Opinions vary widely on how much Iranian crude will hit the market and when we can expect to see it
The much anticipated deal between Iran and the five permanent members of the U.N. Security Council, plus Germany (P5+1), was finalized today, fleshing out the details of the preliminary agreement reached on April 2, 2015.

Under the terms of the agreement, Iran will reduce its enriched uranium stockpile by 98% and export all waste for 15 years, reduce the number of centrifuges used to enrich uranium by two thirds, allow inspector access at nu...

Analyst Commentary

Roger Read, Wells Fargo 07.14.2015
Iran and the Power 5 plus 1 countries have reached agreement on Iran's nuclear ambitions. Following the tie off of some end of deal items, Iran should be free to fully reenter the global crude oil market. Prior to sanctions and the 2008 global financial crisis Iran annually produced 3.7-3.9 mmbopd. Under the full weight of sanctions, Iran has only produced 2.7-2.8 mmbopd. Our forecast presumed an agreement would be reached and that Iran would benefit from leakage ahead of a full lifting of sanctions. Thus we expect Iran to exit 2015 producing approximately 3.3 mmbopd, 0.5 mmbopd above sanctions limited production. We expect that level of production to persist throughout 2016 before moving 0.2-0.3 mmbopd higher in 2017.

John Freeman, Raymond James 07.14.2015
As far as lifting of the oil-related sanctions – which is what the oil market cares about – today’s text simply confirms what we’ve known since April 2. That is to say: there will be no immediate increase in Iranian oil exports. The European Union’s sanctions against “import and transport of Iranian oil, petroleum products, gas and petrochemical products” will be lifted “simultaneously with the IAEA-verified implementation of agreed nuclear-related measures by Iran.” Until Iranian compliance is certified, the sanctions will remain in place. Because there is no fixed timetable for this certification, there is no set date for when Iran will be able to ramp up oil exports. Thus, vis-à-vis the oil market there is fundamentally nothing new.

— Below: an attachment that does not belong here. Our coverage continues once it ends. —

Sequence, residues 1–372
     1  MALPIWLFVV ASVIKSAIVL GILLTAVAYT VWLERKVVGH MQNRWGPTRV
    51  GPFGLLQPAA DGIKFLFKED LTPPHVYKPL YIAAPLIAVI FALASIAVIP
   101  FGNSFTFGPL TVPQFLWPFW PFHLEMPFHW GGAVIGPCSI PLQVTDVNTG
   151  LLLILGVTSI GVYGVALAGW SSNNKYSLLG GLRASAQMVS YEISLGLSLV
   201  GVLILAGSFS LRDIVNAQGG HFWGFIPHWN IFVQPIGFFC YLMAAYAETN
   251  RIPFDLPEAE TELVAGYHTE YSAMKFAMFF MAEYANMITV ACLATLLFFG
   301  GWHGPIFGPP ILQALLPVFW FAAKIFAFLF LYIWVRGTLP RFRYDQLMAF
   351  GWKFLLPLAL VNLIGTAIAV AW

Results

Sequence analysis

William Featherston, UBS 07.14.2015
We assume last week's sharp selloff in crude was driven by a combination of Greek uncertainty, concerns the Chinese equity market decrease would have on demand, and the growing likelihood of an Iranian accord. Nonetheless, with the IEA and OPEC estimating a 2016E 'call on OPEC' of 30.3 mb/d and 30.1 mb/d, the market is already oversupplied by over 1 mb/d with June OPEC production of 31.4 mb/d likely to increase assuming Iranian sanctions are lifted next year. We do not forecast a return to "midcycle prices" for $90/$85 Brent/WTI until 2018.  

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